Purchase of Navajo Mine

WINDOW ROCK, Oct. 24, 2013

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I am dismayed by Speaker Naize's guest column in last week's Navajo Times In fact, the timing of the column and the approval of the mine purchase say much about Naize's unwillingness to debate the merits of his letter and his leadership.

Naize stated, "As speaker and as a co-sponsor of the legislation, it is my obligation to not only do what is best for our Diné people in the present time, but to also act in the best interest of future generations to come.

"What exactly is the best interest of the future generations of Diné?

"It's for our best interest" is a rhetorical phrase used by countless uninspiring politicians that only encourages the complacency within our government and placates and confines any challenge or critical analysis that may arise.

As far as I know, not a single Navajo Nation government official today has ever written down or publicly described in extensive detail what they envision to be the future of Diné people.

We must ask questions and demand their answers so that we may understand the ideological and philosophical reasoning behind the decisions politicians make in our supposed best interest.

We, then, must take it one step further by questioning and debating the legitimacy of politicians posing as leaders.

The column justifies actions of Council by saying, I strongly believe that the purchase of Navajo Mine fulfills both of those obligations by preserving jobs, revenue, and family life for employees of the mine and the Four Corners Power Plant... Diné jobs, revenue, and preserving a certain quality of life is where the discussion gets tough."

It is also where many of us split into separate camps because we view jobs, revenue, and quality of life differently.

The column also says "... while also tasking the NTEC with researching, developing, and transitioning to more efficient and sustainable energy sources. The Navajo Transitional Energy Company (sounds attractive), a company tasked to research and implement alternative energy solutions for the Navajo Nation."

However, it appears to be a mere afterthought as NTEC was solely created, just like the Navajo Nation Council, to sustain a non-renewable, dying energy industry that continues to oppress, hinder, and marginalize any attempt by the people of the Navajo Nation to attain a truly sovereign identity.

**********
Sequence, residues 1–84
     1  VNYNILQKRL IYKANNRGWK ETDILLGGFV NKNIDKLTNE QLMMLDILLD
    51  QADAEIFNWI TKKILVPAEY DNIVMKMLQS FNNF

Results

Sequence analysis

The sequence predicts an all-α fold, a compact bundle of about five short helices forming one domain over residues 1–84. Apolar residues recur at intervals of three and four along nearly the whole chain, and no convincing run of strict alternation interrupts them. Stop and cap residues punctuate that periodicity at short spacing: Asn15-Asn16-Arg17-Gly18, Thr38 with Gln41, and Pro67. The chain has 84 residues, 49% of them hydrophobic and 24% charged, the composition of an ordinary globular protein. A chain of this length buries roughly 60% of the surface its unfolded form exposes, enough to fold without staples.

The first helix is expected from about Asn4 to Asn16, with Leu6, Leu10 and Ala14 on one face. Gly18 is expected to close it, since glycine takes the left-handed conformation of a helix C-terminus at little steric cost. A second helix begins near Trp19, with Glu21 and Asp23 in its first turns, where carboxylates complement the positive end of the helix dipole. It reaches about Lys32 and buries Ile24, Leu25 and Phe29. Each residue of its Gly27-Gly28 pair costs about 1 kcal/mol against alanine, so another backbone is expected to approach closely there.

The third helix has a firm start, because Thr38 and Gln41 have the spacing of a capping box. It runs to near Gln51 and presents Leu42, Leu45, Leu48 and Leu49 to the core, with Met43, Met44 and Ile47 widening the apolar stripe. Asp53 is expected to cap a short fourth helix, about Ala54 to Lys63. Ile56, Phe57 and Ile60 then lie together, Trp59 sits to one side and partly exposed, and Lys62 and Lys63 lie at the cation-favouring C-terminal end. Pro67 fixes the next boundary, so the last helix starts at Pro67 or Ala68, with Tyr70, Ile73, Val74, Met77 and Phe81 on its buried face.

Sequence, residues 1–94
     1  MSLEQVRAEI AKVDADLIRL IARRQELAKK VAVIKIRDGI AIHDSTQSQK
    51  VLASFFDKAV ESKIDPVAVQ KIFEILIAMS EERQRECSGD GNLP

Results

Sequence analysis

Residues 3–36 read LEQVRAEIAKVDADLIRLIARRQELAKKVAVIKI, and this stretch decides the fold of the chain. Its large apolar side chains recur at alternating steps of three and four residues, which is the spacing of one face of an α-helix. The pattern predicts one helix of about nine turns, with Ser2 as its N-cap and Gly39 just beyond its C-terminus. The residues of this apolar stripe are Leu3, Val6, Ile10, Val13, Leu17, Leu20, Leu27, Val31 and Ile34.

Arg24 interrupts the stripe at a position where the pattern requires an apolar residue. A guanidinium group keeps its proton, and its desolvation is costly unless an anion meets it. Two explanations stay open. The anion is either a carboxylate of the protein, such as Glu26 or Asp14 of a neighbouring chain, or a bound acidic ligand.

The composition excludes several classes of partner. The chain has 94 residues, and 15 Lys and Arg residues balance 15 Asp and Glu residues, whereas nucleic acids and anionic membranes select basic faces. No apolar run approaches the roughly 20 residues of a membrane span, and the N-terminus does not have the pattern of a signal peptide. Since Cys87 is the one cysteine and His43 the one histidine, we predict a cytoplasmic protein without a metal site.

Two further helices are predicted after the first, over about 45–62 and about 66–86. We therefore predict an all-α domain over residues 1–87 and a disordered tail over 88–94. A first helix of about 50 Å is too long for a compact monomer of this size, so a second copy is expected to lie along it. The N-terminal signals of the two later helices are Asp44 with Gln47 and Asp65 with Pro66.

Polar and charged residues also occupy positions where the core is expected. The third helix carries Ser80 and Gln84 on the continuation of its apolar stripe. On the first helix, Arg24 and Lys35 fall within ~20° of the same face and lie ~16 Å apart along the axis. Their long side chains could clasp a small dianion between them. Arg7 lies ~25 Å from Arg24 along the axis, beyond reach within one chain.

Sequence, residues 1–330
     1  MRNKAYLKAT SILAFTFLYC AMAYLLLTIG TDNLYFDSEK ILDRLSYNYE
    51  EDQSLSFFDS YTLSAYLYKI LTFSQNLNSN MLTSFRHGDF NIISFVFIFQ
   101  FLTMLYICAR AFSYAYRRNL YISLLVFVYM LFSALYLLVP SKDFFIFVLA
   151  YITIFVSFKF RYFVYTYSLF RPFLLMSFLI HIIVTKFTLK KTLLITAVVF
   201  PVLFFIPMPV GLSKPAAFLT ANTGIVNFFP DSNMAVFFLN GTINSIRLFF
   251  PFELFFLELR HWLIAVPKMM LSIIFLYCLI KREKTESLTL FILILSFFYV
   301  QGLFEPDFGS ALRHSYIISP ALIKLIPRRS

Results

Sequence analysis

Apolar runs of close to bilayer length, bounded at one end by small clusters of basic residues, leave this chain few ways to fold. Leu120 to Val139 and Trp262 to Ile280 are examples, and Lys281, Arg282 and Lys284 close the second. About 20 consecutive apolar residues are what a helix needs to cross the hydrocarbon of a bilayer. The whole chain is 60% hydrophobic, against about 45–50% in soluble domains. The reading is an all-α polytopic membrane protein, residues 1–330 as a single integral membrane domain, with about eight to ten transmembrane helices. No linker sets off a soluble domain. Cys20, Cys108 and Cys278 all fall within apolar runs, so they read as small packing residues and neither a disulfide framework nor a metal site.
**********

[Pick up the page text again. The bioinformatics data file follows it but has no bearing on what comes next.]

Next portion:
Until NTEC offers a timeline detailing when this transitional oppression will be complete, it will only exist as a few good words on some legislative paper that has zero teeth.

You also argued that, "For the Nation, it would mean losing approximately thirty-two percent of its general fund revenue, used by programs that provide direct services to many of our people."

Again, are we a truly sovereign nation if we continue to depend on our oppressors?

For over 90 years we have stayed in a toxic relationship with energy companies yet we are still no closer to a sovereign future.

In fact, we are even more vulnerable and further from becoming an independent nation because now the energy companies, are preying on our desperate dependency to offload their scraps and liabilities upon us.

It also says, "Although some individuals have and will criticize the potential acquisition of Navajo Mine, it is my belief that doing so will allow us to determine how we, as Diné, will manage and use our own resources in a manner that will bring prosperity and balance to our people."

Based on my interaction and participation in several grassroots organizations on Diné bikeyah, I'd say there are easily more people who have criticized the mine than those who will benefit from its purchase.

Yet, you continue to marginalize and gloss over the health hazards and other negative effects of keeping the mine open.

The final claim is that, "The purchase of the mine would bring us a step closer to truly defining our own future by creating the resources that will lead to a renewed and sustainable future for our people. Since its inception, the implementation of this deal has been rushed and minimally offered for true debate."